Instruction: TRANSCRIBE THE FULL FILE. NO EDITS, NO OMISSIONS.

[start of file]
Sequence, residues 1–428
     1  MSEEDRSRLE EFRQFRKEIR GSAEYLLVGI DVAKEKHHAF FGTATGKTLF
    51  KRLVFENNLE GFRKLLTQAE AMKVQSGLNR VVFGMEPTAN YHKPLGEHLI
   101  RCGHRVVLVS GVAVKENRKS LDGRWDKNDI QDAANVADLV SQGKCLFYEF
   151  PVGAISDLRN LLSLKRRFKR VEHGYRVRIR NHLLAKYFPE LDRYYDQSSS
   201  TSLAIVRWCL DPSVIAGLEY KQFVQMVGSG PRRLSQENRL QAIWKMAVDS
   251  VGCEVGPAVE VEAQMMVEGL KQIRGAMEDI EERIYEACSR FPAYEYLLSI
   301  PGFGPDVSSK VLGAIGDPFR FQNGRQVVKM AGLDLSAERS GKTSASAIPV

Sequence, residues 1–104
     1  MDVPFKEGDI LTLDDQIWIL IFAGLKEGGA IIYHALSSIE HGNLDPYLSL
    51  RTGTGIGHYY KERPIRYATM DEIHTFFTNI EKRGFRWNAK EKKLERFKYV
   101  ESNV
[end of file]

Sequence, residues 1–428
     1  MSEEDRSRLE EFRQFRKEIR GSAEYLLVGI DVAKEKHHAF FGTATGKTLF
    51  KRLVFENNLE GFRKLLTQAE AMKVQSGLNR VVFGMEPTAN YHKPLGEHLI
   101  RCGHRVVLVS GVAVKENRKS LDGRWDKNDI QDAANVADLV SQGKCLFYEF
   151  PVGAISDLRN LLSLKRRFKR VEHGYRVRIR NHLLAKYFPE LDRYYDQSSS
   201  TSLAIVRWCL DPSVIAGLEY KQFVQMVGSG PRRLSQENRL QAIWKMAVDS
   251  VGCEVGPAVE VEAQMMVEGL KQIRGAMEDI EERIYEACSR FPAYEYLLSI
   301  PGFGPDVSSK VLGAIGDPFR FQNGRQVVKM AGLDLSAERS GKTSASAIPV

Sequence, residues 1–104
     1  MDVPFKEGDI LTLDDQIWIL IFAGLKEGGA IIYHALSSIE HGNLDPYLSL
    51  RTGTGIGHYY KERPIRYATM DEIHTFFTNI EKRGFRWNAK EKKLERFKYV
   101  ESNV